For many, 2012 was a landmark year. It was full of activism and advocacy. Community organizations grew and changed. North Carolinians banded together in the face of an anti-LGBT amendment. The community grew closer and stronger. The amendment, by far, will rank atop any imaginable list of the major stories of the year, as it does here. But, there were certainly other noteworthy happenings over the past 12 months. Good or bad or otherwise, these moments are the hallmarks of this year‚Äôs LGBT history.
‚ÄúWe don‚Äôt think government can solve all our problems. But we don‚Äôt think that government is the source of all our problems ‚ÄĒ any more than are welfare recipients, or corporations, or unions, or immigrants, or gays, or any other group we‚Äôre told to blame for our troubles.‚ÄĚ
QPoll: Were you impressed with Charlotte’s hosting of the DNC? Did everything go over smoothly? Did Charlotte really shine?
Were you impressed with Charlotte‚Äôs hosting of the DNC? Did everything go over smoothly? Did Charlotte really shine?
Organizers for the Democratic National Convention last week said they wanted to have the most open and accessible convention in history. From the looks of things, all went as planned, as thousands of convention delegates and guests packed into Uptown Charlotte with thousands more protesters, lookers-on and native Charlotteans looking to get into a bit of the DNC action.
A who’s who of LGBT and LGBT-friendly politicians, party leaders and other special guests gathered at the last LGBT caucus of the 2012 Democratic National Convention on Thursday.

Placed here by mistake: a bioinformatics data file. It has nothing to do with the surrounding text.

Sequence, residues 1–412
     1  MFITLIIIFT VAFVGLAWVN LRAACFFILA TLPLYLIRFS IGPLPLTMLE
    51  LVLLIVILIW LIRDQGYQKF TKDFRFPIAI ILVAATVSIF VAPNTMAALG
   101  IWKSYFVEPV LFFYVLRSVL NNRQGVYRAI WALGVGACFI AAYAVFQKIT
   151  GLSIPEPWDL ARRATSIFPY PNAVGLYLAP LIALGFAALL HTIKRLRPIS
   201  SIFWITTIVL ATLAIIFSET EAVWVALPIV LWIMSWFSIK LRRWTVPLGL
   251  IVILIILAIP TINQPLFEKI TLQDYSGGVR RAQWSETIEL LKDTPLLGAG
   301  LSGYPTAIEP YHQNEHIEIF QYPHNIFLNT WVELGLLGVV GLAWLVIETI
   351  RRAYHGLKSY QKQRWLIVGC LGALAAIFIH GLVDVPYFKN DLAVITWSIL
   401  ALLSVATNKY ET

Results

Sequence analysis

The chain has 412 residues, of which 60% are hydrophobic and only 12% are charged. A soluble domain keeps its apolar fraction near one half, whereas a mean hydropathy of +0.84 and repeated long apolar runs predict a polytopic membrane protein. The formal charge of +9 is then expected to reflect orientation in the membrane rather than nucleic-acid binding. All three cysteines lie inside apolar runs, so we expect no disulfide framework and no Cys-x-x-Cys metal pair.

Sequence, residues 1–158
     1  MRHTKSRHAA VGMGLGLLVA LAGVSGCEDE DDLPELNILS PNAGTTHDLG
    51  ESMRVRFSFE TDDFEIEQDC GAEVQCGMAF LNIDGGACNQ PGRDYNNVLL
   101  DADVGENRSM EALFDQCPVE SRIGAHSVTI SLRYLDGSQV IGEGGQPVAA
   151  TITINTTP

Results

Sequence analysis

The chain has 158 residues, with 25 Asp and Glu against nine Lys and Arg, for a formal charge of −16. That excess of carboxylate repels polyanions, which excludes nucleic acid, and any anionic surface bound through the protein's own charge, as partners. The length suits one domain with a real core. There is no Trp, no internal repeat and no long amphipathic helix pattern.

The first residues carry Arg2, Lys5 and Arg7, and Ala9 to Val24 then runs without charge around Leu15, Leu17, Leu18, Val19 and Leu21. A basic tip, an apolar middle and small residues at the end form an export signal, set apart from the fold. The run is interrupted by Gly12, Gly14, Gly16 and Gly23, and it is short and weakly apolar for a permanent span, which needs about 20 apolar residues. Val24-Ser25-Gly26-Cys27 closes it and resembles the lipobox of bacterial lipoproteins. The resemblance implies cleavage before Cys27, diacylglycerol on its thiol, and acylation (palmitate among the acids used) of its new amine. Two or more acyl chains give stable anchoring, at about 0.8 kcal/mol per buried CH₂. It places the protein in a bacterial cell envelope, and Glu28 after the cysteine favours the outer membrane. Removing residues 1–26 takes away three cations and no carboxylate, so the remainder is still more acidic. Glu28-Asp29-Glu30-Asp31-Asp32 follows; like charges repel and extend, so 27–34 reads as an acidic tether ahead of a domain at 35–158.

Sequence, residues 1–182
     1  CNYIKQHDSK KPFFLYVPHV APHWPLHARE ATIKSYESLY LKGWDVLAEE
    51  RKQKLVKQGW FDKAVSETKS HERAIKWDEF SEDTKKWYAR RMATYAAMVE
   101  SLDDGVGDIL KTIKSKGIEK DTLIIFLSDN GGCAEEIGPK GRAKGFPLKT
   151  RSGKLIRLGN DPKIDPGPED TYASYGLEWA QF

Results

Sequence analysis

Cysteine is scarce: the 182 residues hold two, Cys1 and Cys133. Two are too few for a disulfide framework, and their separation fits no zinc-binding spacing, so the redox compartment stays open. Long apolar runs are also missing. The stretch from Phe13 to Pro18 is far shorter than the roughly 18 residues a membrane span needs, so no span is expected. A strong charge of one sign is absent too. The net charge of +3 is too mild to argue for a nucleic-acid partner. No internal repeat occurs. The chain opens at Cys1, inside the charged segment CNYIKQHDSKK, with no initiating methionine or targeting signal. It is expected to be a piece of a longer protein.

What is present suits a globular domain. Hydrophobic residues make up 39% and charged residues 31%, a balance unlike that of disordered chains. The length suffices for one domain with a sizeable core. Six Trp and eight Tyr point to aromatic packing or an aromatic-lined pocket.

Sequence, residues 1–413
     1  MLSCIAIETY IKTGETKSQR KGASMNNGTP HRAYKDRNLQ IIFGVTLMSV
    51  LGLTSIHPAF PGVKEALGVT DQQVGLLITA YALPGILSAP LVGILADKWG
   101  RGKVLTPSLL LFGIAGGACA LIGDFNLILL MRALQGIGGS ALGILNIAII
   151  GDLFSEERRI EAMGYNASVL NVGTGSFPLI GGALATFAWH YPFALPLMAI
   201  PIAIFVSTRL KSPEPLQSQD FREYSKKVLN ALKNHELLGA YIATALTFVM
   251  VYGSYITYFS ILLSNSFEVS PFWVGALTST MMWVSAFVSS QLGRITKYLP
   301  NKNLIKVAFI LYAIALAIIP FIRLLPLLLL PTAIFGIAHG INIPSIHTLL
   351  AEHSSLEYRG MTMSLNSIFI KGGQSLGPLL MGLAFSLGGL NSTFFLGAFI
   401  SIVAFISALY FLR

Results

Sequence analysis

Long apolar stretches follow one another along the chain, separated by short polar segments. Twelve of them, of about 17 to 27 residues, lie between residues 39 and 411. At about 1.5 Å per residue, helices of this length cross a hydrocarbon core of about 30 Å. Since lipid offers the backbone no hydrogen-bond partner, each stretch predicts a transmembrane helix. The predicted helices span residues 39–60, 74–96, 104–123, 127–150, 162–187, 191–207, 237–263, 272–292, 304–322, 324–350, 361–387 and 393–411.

With flags, banners and signs flying as chants and applause filled Time Warner Cable Arena, President Barack Obama on Thursday accepted his nomination to run again for president.
The 2012 Democratic Convention proved to be reflective of the country‚Äôs ‚Äúmelting pot‚ÄĚ moniker in multiple ways. The number of LGBT delegates is historical and record-breaking: 486 in total from every state in the country and a dramatic upswing from the 288 on board for the DNC in ‚Äô08.
President Barack Obama’s nomination acceptance speech has packed out the Time Warner Cable Arena in downtown Charlotte. Anticipating a stirring speech, thousands of delegates and guests began pouring into the venue as early as noon today.
As delegates and party activists arrived in Charlotte for the Democratic National Convention, several LGBT delegates from Colorado were mixing it up with the other party faithful. While the convention is always a flood of energy and excitement, Elizabeth Harris and Brayden Portillo are riding the high with unbridled enthusiasm.
It hit me as I was standing outside of the convention hall Tuesday looking at all of the various protestors, vendors, and security officers. For the first time, I hadn’t seen any stand-alone religious bigots standing outside and chanting about “perverts” and holding signs about sexual deviants and “the sin of homosexuality.”
The last caucus of LGBT delegates and guests at the Democratic National Convention was held early Thursday afternoon and comments about gay Republicans from outgoing Massachusetts Congressman Barney Frank stirred controversy.
This year’s Democratic National Convention saw a significant and historic jump in the total number of LGBT delegates. New Jersey had one of the most significant increases, and Garden State LGBT delegates have been in the middle of the action all week.